Magazine article The Spectator

The End of the World Is Nigh

Magazine article The Spectator

The End of the World Is Nigh

Article excerpt

Before September, British portfolio managers had only ever seen a run on a bank on the cinema screen.

It's a Wonderful Life shows how the Bailey Building and Loan is saved by the prayers of the local community. The collapse of Northern Rock suggests that modern finance doesn't quite work that way.

Unfortunately for investors throughout the world, there is probably much worse to come.

For a solvent mortgage lender to require emergency government support on a huge scale suggests that all is not well in our financial markets. This understatement matches the gorgeously hubristic claim from 'Chuck' Prince of Citigroup, America's largest bank, in July, that 'as long as the music is playing, you've got to get up and dance. We're still dancing.' But by November Prince was gone, victim of a multi-billion-dollar write-down relating to losses in the mortgage market. Perhaps he now dances with Stan O'Neal of Merrill Lynch, America's biggest stockbroker, who also resigned in November after giant mortgage-related losses.

Countless institutions have been brought low, having invested in supposedly low-risk bonds cobbled together from mortgages on US property. Banks everywhere have managed to choke themselves on an alphabet soup of mortgage derivatives:

CDOs, MBSs, CDSs, SIVs. For as long as US property prices rose, nobody bothered to look under the bonnet and see what was actually powering the enhanced returns available from repackaged sub-prime loans. It's now painfully clear that too many lenders threw too much money at too many high-risk borrowers. What is not clear is how great the exposures are (analysts at Deutsche Bank suggest sub-prime mortgage losses could total $400 billion worldwide, but nobody really knows), nor on whose balance sheets and portfolios they sit. As a result, banks no longer trust their counterparties enough to lend to each other: the financial system has broken down. Wounded banks will offer more stringent terms to borrowers, individual and corporate.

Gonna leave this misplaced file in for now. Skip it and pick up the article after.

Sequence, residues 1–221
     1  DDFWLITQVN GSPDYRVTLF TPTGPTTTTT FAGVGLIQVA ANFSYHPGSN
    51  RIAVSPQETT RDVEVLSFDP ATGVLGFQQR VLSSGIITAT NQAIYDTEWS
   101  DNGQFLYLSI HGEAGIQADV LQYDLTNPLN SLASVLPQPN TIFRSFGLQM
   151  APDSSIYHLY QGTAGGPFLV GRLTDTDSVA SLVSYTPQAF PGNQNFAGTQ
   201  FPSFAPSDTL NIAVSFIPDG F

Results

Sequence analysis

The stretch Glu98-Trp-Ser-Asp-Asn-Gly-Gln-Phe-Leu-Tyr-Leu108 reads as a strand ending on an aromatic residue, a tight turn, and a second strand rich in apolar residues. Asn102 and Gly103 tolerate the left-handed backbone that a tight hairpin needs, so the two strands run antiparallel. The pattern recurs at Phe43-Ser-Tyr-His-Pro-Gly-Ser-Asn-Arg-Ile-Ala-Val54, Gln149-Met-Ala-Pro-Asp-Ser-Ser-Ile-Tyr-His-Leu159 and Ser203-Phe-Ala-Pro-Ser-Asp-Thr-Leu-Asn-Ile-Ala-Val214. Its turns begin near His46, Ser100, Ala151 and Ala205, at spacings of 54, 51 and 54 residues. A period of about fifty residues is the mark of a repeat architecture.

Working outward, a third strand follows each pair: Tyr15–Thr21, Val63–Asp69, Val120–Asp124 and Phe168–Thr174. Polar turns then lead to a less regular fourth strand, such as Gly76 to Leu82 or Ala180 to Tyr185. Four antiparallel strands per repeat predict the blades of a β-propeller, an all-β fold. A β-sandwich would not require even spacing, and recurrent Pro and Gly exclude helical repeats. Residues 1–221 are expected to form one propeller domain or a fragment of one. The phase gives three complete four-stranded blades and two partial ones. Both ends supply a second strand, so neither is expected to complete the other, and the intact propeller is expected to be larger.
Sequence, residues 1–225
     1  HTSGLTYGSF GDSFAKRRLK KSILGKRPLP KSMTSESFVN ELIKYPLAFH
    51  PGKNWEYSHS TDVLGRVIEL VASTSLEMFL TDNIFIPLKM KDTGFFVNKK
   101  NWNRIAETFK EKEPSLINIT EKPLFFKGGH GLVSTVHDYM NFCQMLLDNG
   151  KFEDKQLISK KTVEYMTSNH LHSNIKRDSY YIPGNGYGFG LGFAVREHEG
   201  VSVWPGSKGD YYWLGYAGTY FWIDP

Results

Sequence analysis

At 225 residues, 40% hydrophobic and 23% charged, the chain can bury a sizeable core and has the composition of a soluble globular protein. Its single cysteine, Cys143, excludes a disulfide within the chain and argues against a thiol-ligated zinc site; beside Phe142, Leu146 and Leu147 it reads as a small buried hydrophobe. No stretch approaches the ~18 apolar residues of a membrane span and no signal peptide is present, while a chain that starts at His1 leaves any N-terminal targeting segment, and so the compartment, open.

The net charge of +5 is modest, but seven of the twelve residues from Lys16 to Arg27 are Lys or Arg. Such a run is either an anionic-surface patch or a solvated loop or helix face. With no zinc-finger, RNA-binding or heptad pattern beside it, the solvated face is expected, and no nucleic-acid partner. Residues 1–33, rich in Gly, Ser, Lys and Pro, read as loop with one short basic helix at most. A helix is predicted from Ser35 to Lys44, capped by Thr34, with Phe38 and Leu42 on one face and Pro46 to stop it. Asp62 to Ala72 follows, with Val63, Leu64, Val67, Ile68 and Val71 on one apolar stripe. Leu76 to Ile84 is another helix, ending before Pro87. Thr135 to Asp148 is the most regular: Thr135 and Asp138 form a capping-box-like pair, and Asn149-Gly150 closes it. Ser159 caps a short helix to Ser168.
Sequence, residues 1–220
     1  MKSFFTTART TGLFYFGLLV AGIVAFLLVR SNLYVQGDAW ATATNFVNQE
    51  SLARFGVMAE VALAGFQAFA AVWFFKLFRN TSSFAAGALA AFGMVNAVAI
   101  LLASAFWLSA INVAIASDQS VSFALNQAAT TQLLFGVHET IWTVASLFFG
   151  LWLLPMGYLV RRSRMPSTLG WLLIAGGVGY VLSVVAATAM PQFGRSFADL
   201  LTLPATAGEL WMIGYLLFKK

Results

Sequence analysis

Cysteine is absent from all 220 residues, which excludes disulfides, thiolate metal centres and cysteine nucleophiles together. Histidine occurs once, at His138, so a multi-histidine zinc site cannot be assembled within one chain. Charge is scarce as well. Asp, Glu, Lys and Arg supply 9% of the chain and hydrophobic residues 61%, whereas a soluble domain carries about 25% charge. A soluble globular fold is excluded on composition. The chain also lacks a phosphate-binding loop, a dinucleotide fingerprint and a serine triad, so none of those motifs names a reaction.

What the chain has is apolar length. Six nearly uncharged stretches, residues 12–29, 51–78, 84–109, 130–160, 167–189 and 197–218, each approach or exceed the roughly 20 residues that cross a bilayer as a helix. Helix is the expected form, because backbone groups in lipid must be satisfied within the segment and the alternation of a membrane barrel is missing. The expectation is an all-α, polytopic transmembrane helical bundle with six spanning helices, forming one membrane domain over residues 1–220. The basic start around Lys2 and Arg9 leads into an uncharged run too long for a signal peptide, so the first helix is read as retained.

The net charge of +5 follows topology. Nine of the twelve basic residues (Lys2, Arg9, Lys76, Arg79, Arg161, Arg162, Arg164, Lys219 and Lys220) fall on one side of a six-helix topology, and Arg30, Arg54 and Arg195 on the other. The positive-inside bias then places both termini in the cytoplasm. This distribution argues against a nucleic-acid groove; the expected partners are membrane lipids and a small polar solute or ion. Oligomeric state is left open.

With easy money now gone, big takeovers that were previously possible thanks to a surplus of credit on attractive terms will dry up. That removes a key pillar that has underpinned equity market valuations.

A highly regarded economist, Nouriel Roubini, recently wrote that he now sees 'the risk of a severe and worsening liquidity and credit crunch leading to a generalised meltdown of the financial system of a severity and magnitude we have never observed before'. …

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